Intel subsidiary Wind River, which specializes in embedded systems software, has hired a new mobile solutions chief and formed a mobile R&D team specifically aimed at developing software for devices based on Google’s Android mobile OS.
Alameda, Calif.-based Wind River's new engineering team is based in Stockholm, Sweden and aims to increase Wind River’s Android expertise. In addition, Wind River said it recently hired Jerry Ashford, former corporate vice president of emerging markets software at Sun Microsystems, as vice president and general manager of mobile solutions.
In a statement announcing the creation of Wind River’s new engineering team, Ashford said Android and other mobile platforms are growing increasingly popular and manufacturers are under pressure to develop devices based on Android.
“Customers can turn to Wind River for commercial-quality software solutions to rapidly develop high-quality products,” Ashford said in a statement. “Wind River has made major strides to grow the mobile business globally. In particular, we’ve achieved strong success in China, the world’s largest mobile market.”
Wind River said Ashford will report to Michael Krutz, vice president of worldwide solutions and services at Wind River, and will lead the entirety of its global mobile solutions business -- including business planning, growth strategies development and global team management.
Wind River said its R&D efforts are now concentrated toward expertise in the Android platform for devices including tablets and smartphones. Wind River said the new team will be charged with developing user experience capabilities for the Android platform, as well as enabling Android on a broader range of devices.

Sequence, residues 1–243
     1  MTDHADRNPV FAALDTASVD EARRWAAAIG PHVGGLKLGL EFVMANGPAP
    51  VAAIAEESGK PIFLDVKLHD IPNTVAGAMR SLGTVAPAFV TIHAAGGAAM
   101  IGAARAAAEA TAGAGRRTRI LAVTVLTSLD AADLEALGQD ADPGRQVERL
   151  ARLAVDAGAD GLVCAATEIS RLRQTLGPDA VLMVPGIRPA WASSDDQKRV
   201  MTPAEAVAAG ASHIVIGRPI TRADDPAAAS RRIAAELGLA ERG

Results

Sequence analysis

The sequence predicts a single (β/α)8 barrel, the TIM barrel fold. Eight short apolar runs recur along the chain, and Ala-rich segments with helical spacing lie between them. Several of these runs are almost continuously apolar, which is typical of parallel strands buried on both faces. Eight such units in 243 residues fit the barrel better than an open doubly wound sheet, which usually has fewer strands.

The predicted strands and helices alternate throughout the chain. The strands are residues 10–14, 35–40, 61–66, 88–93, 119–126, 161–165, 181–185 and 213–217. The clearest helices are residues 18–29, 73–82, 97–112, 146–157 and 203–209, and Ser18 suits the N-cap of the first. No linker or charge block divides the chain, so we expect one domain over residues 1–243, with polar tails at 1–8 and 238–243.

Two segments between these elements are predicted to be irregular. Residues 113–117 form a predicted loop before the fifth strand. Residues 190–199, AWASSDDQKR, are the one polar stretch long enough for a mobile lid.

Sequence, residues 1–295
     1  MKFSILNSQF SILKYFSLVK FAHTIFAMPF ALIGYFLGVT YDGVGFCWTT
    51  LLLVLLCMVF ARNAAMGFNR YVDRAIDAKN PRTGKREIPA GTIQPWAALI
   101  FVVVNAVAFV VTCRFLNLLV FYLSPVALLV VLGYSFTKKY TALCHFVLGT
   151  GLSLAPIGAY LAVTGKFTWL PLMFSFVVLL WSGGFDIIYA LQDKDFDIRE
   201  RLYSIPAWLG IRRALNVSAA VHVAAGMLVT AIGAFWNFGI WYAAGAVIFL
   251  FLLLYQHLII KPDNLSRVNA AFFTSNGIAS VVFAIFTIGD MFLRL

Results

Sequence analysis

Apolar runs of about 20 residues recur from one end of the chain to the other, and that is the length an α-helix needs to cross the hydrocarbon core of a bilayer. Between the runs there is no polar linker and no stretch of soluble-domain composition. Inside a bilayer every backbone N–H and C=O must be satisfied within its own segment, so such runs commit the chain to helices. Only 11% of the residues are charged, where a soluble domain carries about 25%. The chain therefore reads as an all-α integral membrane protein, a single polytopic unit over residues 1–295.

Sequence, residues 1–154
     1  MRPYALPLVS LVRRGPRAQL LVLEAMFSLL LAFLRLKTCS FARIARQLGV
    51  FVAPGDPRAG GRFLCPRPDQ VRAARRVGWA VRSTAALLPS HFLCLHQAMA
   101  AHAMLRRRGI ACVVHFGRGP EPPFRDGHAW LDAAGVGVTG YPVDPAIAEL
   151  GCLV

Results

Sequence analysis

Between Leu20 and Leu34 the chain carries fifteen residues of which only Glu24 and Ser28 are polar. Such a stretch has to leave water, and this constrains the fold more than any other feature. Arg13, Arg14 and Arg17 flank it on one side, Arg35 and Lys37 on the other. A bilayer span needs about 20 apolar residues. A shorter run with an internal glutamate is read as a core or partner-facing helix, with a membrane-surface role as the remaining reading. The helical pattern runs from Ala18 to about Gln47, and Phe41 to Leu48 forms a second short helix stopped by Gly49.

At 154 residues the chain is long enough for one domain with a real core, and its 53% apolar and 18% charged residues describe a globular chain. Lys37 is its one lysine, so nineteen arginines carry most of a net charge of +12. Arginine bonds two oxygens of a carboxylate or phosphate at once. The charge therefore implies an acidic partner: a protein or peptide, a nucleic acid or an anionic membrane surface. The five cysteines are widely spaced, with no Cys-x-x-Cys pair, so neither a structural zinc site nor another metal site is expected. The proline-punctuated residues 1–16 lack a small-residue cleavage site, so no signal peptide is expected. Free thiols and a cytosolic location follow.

An Intel spokesperson on Monday told CRN that Intel’s software strategy is to support all major mobile operating systems, including Android. Intel currently provides optimizations to Android in its kernels, drivers, virtual machine, core libraries, and CTS compatibility, according ot the spokesperson.
“We work closely with software developers, service providers and OEMs to deliver cross platform Intel Architecture-based experiences across a range of devices,” the spokesperson said. “We’ve also enabled OS vendors such as Wind River to commercialize and support customer products with Android on Atom. Wind River’s plan to expand expertise on development for Android mobile solutions will further support this effort.”
The momentum around Google’s Android mobile OS, bolstered by the introduction of a range of Android-based devices at CES 2011 in January, appears to be continuing. Last week, NEXT: AMD, Intel Android Strategies